He was getting dressed in the visiting locker room at Arco Arena, ready to take on the Kings, when Dominic McGuire broke the news to him. He saw it on the ESPN ticker on the locker room TV. Ellis was traded to Milwaukee. Just like that, he was no longer a Warrior. He was pissed. “Not only so much that they traded me,” Ellis remembered, “just how they went about trading me. If they would’ve traded me and let me know the process of everything that was going down, it would’ve been a whole lot better. I mean, that was a career-changing experience right there. ‘Cause when I went to Milwaukee, it was totally different.”
Matt Babcock, owner of Babcock Hoops and a former NBA agent, told The Commercial Appeal that Wiseman having to sit out one-third of Memphis’ regular season isn’t all that significant from an NBA draft standpoint. “It’s not like he’s a guy that just has a lot of upside with a lot of polishing to do. He’s ready to play in the NBA right now,” Babcock said. “Not that he doesn’t have room for growth. He does. (But) I think it’s more of just he’s being robbed of the experience.” Babcock believes Wiseman (who is tied with North Carolina’s Cole Anthony as FanDuel Sportsbook’s odds-on favorite to be picked first) is worthy of No. 1-pick status. But the games he will miss could also cost him the opportunity to cement himself as such.
Storyline: No. 1 pick
December 5, 2019 | 10:43 am UTC Update
Two specialists told The Post that Irving is likely to be out a few more weeks. One medical source not affiliated with the team intimated there’s more under the surface and that this injury could be even more long term. “That’s a very, very broad term,” said Dr. Andrew S. Rokito, chief of shoulder surgery at NYU Langone Orthopedic Hospital. “Impingement typically does not refer to an acute injury. [It] refers to more of a long-standing, chronic issue with the rotator cuff.
This will be the sixth consecutive season with fewer post-ups than the last, and 2019-20 is on pace for the largest post-up drop-off in more than a decade. The reasons for the play’s excision are all tied together, a result of both rule and strategic changes that have encouraged the rise of Moreyball. (Another fun excerpt from that 2015 Lowe column: He wrote that the post-up death “evokes both wistfulness for the past and a fear that the NBA is heading toward a homogeneity in which every team drives for corner 3s, layups, and free throws. What happens if we all play Rocketball?” Welcome to the NBA in 2019!)
USA Basketball named former NBA head coach Mike Fratello as USA’s head coach for the 2021 FIBA AmeriCup Qualifiers. Andy Greer and Othella Harrington will be his assistants. Fratello holds previous experience at the international level with Ukraine between 2011 and 2014. From 1984 to 2006 made it to the playoffs 11 times in 15 full-season attempts with various NBA teams.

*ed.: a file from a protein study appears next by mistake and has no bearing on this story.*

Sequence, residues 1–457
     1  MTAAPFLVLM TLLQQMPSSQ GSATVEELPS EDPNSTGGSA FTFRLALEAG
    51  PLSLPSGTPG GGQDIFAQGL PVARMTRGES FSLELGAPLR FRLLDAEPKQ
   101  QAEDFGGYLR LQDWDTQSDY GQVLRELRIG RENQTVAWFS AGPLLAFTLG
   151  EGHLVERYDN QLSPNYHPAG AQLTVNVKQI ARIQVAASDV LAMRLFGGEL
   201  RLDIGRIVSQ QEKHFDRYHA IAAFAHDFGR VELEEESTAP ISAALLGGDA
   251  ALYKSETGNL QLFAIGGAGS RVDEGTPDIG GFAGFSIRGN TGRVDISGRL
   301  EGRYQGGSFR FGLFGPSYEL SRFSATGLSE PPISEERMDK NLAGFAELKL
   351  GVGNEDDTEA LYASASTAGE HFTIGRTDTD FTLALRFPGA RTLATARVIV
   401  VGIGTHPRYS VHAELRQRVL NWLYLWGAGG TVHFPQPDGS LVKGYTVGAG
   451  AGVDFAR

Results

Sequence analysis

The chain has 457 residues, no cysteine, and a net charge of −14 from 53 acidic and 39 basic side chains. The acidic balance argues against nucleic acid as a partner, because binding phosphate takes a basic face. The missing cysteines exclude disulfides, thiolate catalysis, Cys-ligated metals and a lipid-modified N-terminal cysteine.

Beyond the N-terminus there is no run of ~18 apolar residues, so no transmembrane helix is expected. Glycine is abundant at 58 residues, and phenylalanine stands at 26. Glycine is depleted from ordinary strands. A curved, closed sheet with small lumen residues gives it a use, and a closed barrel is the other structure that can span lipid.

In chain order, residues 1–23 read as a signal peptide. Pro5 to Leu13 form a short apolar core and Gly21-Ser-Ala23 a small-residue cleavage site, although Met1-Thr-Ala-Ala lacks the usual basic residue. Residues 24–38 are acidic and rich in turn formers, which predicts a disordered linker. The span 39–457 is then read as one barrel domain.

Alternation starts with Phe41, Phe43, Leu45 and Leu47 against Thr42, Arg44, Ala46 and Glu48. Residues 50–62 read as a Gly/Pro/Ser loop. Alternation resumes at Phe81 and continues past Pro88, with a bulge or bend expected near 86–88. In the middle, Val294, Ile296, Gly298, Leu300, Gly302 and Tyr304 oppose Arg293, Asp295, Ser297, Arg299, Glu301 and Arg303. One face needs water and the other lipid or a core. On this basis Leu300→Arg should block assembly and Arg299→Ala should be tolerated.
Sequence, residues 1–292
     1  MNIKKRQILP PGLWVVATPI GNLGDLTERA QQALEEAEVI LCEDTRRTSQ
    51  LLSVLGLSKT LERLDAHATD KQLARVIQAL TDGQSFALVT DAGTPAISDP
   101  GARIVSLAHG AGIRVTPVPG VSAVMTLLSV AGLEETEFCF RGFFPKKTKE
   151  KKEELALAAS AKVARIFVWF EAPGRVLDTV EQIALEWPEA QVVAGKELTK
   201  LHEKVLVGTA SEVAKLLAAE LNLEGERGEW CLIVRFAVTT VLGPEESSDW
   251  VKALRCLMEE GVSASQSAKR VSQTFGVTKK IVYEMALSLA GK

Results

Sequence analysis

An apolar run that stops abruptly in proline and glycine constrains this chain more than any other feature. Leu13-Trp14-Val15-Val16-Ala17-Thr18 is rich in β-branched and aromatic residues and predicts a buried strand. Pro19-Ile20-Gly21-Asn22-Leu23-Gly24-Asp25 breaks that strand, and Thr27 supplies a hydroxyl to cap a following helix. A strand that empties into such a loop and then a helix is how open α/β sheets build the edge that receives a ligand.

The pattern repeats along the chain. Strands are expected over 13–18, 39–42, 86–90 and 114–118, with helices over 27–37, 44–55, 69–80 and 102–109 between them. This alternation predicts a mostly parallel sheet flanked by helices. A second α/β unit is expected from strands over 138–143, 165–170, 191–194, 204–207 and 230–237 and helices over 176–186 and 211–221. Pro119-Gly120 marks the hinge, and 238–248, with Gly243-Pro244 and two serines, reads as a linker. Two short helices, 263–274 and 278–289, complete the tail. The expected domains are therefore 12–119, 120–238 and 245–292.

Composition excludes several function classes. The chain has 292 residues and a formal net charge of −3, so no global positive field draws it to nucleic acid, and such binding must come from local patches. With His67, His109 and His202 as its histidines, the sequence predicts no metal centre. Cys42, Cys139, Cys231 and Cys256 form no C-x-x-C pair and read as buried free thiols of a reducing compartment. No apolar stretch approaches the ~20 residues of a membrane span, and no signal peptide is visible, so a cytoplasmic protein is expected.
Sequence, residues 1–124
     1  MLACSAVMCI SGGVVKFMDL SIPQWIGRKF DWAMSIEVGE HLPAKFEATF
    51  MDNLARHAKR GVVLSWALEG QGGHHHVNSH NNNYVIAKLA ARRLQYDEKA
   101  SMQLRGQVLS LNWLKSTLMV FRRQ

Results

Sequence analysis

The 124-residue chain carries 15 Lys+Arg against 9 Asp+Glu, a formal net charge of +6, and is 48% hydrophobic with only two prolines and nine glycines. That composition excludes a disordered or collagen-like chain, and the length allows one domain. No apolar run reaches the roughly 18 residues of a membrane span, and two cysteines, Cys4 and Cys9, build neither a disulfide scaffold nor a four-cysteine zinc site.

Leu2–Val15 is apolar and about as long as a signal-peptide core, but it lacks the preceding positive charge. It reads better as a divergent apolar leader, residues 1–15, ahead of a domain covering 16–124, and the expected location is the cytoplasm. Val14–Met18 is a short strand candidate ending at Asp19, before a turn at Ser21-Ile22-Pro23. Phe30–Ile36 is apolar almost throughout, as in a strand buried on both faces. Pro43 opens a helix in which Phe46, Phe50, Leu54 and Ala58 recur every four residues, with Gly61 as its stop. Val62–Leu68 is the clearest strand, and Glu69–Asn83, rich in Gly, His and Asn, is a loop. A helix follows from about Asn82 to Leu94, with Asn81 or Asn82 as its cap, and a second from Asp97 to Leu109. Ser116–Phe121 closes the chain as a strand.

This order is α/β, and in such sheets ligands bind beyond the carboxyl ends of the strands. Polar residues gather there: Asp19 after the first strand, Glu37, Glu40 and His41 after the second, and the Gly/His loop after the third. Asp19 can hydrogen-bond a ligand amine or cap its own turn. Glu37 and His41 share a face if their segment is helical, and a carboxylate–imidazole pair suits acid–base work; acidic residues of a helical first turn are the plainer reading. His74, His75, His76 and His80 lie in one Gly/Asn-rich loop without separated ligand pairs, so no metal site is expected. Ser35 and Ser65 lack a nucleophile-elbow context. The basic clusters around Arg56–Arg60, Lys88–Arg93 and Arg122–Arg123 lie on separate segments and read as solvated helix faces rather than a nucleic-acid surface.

But a year from now, things could drastically change and that has the rest of the NBA in a panic according to NBC Sports NBA Insider Tom Haberstroh. “The people I talk to around the league are really worried they are going to trade that first-round pick, the 2020 pick, because if they load up with an All-Star-type player with that pick, they are terrified,” Haberstroh said during the Warriors-Hornets telecast on NBC Sports Bay Area on Wednesday. “Or if they land a Luka Doncic in the draft, they’re terrified. So that 2020 pick, adding to the group they have established here with [Eric] Paschall stepping in right away, man, I think every team is going to try to do a gap year.”
Sitting alongside Sandler at a Manhattan hotel this week was a cackling Kevin Garnett, who plays himself in a new movie, “Uncut Gems,” co-directed by the Safdie brothers, Josh and Benny, New Yorkers who also count themselves among the legion of long-tortured Knicks die-hards. Garnett was known as the Big Ticket during his playing days, mostly in Minnesota and Boston, where in 2008 he helped secure championship banner No. 17. But Sandler is the box office star in the film — which opens this month — as Howard Ratner, a wheeler, dealer and degenerate gambler in midtown Manhattan’s diamond district who is increasingly desperate to settle his debts with one massive score.
December 5, 2019 | 3:14 am UTC Update
NBA rules require a protest to be filed within 48 hours after a game. Sources said the NBA office has started conducting an investigation that could take longer than the 48-hour window. The Rockets contend that they should either be awarded the win — because they actually outscored the Spurs in regulation — or that the final seven minutes, 50 seconds of the game be replayed at a later date. League sources, however, scoffed at the suggestion that the Rockets would be awarded the victory.